I love making fairy gardens, but this one in a teacup might be the sweetest ever.
I wanted to make my mom a sweet little gift for Mother’s Day this weekend, and my mom loves to garden. She loves gardening so much that she has just about every plant at the garden centre, so giving her a gardening gift requires a little bit of creativity.
After our recent tea party, we had quite a few pretty vintage teacups around, and I thought it might be fun to turn one into a fairy garden.
The problem with planting plants into tiny containers is that they dry out too much and die. The solution is drought tolerant plants -enter succulents. I’ve been loving succulents for the last couple years, but hadn’t really considered them for a fairy garden before. What works great here, is that they are really small varieties, and so there’s room even in a teacup for a few different kinds and a few little fairy accessories, like a place to sit for a rest, a book to read, and a cupcake to snack on -and really what more in life do you need?
I started out with adding some rocks to the bottom of the teacup. Succulents don’t like to be wet, and there’s no drainage in a teacup, so rocks are important. Using cactus/succulent soil will help too.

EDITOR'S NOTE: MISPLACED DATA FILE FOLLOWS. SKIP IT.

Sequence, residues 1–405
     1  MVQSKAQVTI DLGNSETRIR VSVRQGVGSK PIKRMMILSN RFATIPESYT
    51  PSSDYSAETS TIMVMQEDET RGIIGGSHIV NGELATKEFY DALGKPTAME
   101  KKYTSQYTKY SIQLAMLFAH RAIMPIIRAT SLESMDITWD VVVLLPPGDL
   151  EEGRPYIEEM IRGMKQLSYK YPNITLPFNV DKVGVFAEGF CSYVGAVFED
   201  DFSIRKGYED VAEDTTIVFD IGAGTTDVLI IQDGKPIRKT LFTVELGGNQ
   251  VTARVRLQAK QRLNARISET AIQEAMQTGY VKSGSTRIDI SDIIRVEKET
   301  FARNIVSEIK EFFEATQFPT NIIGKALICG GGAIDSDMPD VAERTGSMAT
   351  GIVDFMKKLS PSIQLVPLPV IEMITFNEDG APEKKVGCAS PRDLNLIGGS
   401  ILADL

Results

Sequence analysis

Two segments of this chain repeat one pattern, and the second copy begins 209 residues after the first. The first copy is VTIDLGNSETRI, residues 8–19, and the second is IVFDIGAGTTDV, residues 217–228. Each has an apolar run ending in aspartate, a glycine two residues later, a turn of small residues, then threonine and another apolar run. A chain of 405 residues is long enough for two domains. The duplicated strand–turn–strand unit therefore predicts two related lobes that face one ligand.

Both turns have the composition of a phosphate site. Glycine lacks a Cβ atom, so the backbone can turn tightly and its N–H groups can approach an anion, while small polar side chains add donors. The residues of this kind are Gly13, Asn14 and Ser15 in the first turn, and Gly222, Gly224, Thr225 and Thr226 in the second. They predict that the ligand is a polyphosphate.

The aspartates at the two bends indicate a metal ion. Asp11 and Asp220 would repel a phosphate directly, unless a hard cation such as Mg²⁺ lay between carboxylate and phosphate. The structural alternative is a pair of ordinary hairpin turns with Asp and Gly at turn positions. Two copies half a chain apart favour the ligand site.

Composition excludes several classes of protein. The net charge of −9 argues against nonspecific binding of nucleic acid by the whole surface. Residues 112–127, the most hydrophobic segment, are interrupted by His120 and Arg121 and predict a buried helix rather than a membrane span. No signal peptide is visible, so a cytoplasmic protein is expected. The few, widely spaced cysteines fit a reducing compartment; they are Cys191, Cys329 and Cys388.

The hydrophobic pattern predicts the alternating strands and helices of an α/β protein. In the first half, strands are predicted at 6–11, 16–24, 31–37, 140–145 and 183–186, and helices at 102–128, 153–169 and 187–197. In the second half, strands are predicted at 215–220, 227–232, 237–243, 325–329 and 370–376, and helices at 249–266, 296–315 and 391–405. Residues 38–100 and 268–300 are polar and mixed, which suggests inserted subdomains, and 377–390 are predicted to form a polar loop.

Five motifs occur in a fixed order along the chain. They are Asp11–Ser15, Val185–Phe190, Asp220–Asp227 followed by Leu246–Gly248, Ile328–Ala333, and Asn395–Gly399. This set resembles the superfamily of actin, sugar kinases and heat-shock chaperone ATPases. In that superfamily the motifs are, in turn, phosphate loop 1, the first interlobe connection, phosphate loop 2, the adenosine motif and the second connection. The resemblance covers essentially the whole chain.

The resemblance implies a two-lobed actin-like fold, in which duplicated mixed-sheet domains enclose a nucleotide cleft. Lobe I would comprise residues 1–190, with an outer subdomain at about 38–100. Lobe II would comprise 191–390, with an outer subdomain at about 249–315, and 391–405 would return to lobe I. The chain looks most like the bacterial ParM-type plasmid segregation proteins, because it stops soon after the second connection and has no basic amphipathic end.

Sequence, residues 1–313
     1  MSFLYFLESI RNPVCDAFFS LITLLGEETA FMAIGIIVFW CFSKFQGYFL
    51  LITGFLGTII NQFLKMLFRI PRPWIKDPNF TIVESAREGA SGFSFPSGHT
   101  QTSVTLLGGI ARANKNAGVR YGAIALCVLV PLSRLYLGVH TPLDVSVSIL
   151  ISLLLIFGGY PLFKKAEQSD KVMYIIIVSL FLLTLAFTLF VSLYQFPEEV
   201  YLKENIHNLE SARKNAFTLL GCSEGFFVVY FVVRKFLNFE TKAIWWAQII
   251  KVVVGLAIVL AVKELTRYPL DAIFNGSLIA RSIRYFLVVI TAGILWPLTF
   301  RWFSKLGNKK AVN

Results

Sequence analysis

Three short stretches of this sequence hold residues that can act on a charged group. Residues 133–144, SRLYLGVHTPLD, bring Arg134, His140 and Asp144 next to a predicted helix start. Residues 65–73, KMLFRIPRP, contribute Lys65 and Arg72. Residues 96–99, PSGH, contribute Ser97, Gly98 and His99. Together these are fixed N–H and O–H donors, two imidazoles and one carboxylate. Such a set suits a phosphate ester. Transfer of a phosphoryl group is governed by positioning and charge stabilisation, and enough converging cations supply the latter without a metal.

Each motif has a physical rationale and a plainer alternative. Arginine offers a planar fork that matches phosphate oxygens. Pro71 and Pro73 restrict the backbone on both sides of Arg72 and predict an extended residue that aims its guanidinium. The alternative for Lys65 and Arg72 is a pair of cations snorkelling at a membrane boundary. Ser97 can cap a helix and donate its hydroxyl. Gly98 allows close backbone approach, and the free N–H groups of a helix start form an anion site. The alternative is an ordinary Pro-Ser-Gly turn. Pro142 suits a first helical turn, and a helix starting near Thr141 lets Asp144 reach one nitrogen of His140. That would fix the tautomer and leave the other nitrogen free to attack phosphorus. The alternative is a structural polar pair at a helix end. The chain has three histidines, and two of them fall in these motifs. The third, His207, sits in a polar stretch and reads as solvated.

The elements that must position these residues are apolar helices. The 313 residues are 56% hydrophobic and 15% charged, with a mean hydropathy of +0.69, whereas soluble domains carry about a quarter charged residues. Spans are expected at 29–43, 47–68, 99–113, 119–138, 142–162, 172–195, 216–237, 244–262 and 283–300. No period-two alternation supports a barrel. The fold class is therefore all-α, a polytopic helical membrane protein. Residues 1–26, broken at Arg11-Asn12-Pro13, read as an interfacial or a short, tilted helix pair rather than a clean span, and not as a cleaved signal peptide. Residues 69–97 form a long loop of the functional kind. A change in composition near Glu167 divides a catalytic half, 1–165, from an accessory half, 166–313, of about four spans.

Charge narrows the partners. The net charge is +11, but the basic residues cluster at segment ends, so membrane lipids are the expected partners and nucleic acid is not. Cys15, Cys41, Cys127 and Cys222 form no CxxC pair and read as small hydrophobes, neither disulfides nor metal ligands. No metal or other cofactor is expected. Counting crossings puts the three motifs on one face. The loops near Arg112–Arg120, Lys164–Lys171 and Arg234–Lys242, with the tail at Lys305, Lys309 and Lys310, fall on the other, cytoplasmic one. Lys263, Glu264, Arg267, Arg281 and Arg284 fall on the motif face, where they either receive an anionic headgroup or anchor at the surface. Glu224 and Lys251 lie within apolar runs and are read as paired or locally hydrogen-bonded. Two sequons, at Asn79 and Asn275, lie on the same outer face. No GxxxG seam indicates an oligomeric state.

I picked up a few really sweet sedum plants at the garden centre, and used one I already had. In case you’re wondering the bright green/yellow one on the left is Stone Orpine “Angelina” and the greyish/purple one at the back on the right is Stonecrop “Cape Blanco”.
I positioned them, leaving a little room for a rock path using pea gravel and a miniature chair from the craft store. I also added a few faux mushrooms.
To really make it inviting for a fairy I wanted to make a few little fairy treats, and I made them out of polymer clay.
To make the book, start with some white clay. Use a mini rolling pin to flatten it out, and then cut it with a straight edge. After it’s cut down to the right size, use a toothpick on the edge to add some grooves to look like book pages. Next, make the cover. Roll out another colour, I used blue, quite thin, and then cut it slightly larger than the book pages. Wrap it around the white, making sure there is no gap at the back between the pages and the cover. Bake in the oven according to the package directions, I baked mine at 250 degrees for 10 min.
When you’re working with the polymer clay you could really create just about anything. Just remember to think about scale. I used the chair as my guide. Don’t be afraid to redo something if it seems a little off. Part of the beauty of this clay is that you can re-work if you’re not happy, up until you bake it. Think play dough, and have fun.
To make the cupcake, I stared out with a tiny cylinder for the cake base. To make the icing, start with a tiny ball of pink, and then flatten it out, and add it to the top of the cylinder cake. The cherry on top is a tiny ball of red clay. Put it all together and bake the same way you did for the book.
I’m warning you, making fairy gardens is addictive, once you get started you start thinking of all kinds of little possibilities to add. Enjoy.
With a pretty teacup fairy garden for Mother’s Day, life really is a party!